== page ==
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What is the difference between Cajun and Creole?

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In Lafayette, you can eat Cajun Samurai pizza after cheering the Louisiana Ragin’ Cajuns football team to a win at Cajun Field, next to the Cajundome. Opelousas recently hosted the Creole Holy Ghost Festival, 3 km from the Creole Heritage Folklife Center and 2 hours from the Creole Heritage Center in Natchitoches.

The Cajun and Creole people are celebrated for their cuisine, music, language, art, architecture and ways of life that make the locals thank God we are not Mississippians. Yet the two terms have fueled generations of misunderstanding and discrimination that still lead to virtual fights and friend bans on social media.

Kelly Crouch, a New Orleans native who lives in Bozeman, Utah, wonders what the difference is between a Cajun and a Creole. The answer depends on the time period, geography, and the person telling the story.

Nowadays, it is common for whites to be called Cajuns, and blacks and mestizos, Creoles. The media and marketing have placed Cajun stickers on almost everyone in Louisiana or on food laden with salt and pepper.

But such use can be misleading and ignore the complex history and nuances of each of the races.

The Cajuns are descendants of the Acadians, exiles from Nova Scotia who settled in southern Louisiana in the mid-18th century. As historian Shane Bernard points out in his 2003 book, The Cajun: The Americanization of a People, this group of about 3,000 Acadians intermarried with French, Spanish, and German settlers, as well as Anglo. – Americans and Native Americans.

“They were also influenced by Afro-Caribbean slaves and their descendants, who, like the Cajuns, shared a Catholic French heritage. This cross-pollination transformed the white ethnic groups in the region into a new ethnic group, the Cajuns…”

But Cajun became a dirty word when these French-speaking immigrants met Americans in the 18th and early 19th centuries. Bernard quotes journalists who describe the Cajuns as “lazy wanderers”, “ignorant and wretched”, and “good representatives of white trash”.

French was later banned in public schools as students were beaten for speaking the language. Cajun musicians who were invited to perform at the 1965 Newport Folk Festival were mocked in an Opelousas Daily World editorial titled “They Call That Music??!!”

Ironically, the musicians were greeted with a standing ovation. This applause followed them home and helped launch a musical, linguistic, and cultural renaissance during the 1970s and 1980s.

Creole culture became a footnote in this renaissance, although Creole predated the Cajun in Louisiana and was present all over the world. Historians trace the word’s origin to the Portuguese language CriolloRefers to anything or anyone born in the new world.

The term has been used for centuries – in Africa, the Caribbean, and throughout North, Central, and South America.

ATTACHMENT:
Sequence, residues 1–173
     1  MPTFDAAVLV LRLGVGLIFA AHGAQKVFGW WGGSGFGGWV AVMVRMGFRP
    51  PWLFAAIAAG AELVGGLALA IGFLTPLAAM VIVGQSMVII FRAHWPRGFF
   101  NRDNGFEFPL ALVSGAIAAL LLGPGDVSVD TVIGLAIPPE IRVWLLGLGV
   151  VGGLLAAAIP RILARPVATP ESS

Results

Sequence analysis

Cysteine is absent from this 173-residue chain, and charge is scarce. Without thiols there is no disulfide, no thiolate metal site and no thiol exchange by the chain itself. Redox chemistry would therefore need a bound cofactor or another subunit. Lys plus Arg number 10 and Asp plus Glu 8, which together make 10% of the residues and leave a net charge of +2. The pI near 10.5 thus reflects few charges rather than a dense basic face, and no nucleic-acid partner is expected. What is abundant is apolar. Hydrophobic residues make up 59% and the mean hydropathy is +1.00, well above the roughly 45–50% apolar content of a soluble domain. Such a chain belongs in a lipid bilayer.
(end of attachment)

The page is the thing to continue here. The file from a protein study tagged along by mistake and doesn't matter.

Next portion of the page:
In her 2018 book, “Southern Louisiana Creoles: Three Strong Centuries,” Elista Easter, Ph.D., places Creoles in three distinct regions: near Natchitoches along the Caney River; in the prairies and swamps of the southwestern region called Acadiana; and New Orleans. Istre details the wealthy white creole classes of the plantation aristocracy, enslaved black creoles, and free or colored creoles.

Istre writes “With so much confusion surrounding the use of the term ‘creole’, even among scholars, it is not surprising that so many people bring their own idea of ​​’creole’ or ‘creole’ to the table. … The truth is that all of these definitions are correct.” ».

Christophe Landry, Ph. D., a native of New Iberia and director of the Ancestry Research Team, calls Creoles and Cajuns “cousins” who have shared the same land, the same lineage, and the same cultural identity for more than 200 years.

“In the 20th century, I switched to Cajun for white and Creole for everyone else,” Landry said.

“I get follow-up questions, dealing with okra with tomatoes and all this crap that people are fighting about on the internet. It’s all a distraction. Still, okra. People are really trying to find a fundamental difference between Cajun and Creole because they’re so similar. Period.

Ashley Michott, 41, represents young citizens who embrace this more inclusive perspective. Growing up in Ville Platte in Evangeline Parish, Michotte remembers many seniors describing themselves simply as “French”.

Technology and a variety of research shaped a more personal identity, Michotte said.

“I accept that I am Cajun and that I live as part of the Cajun culture in Louisiana,” said Michotte, a French writer and radio host. “I have Acadian ancestry from both sides of my family.

“But I also have Creoles, Hispanics, and all sorts of other ancestors. Thanks to my access to genealogy, I’ve been able to understand myself better and not just listen to what X or Y or Z has to say.”

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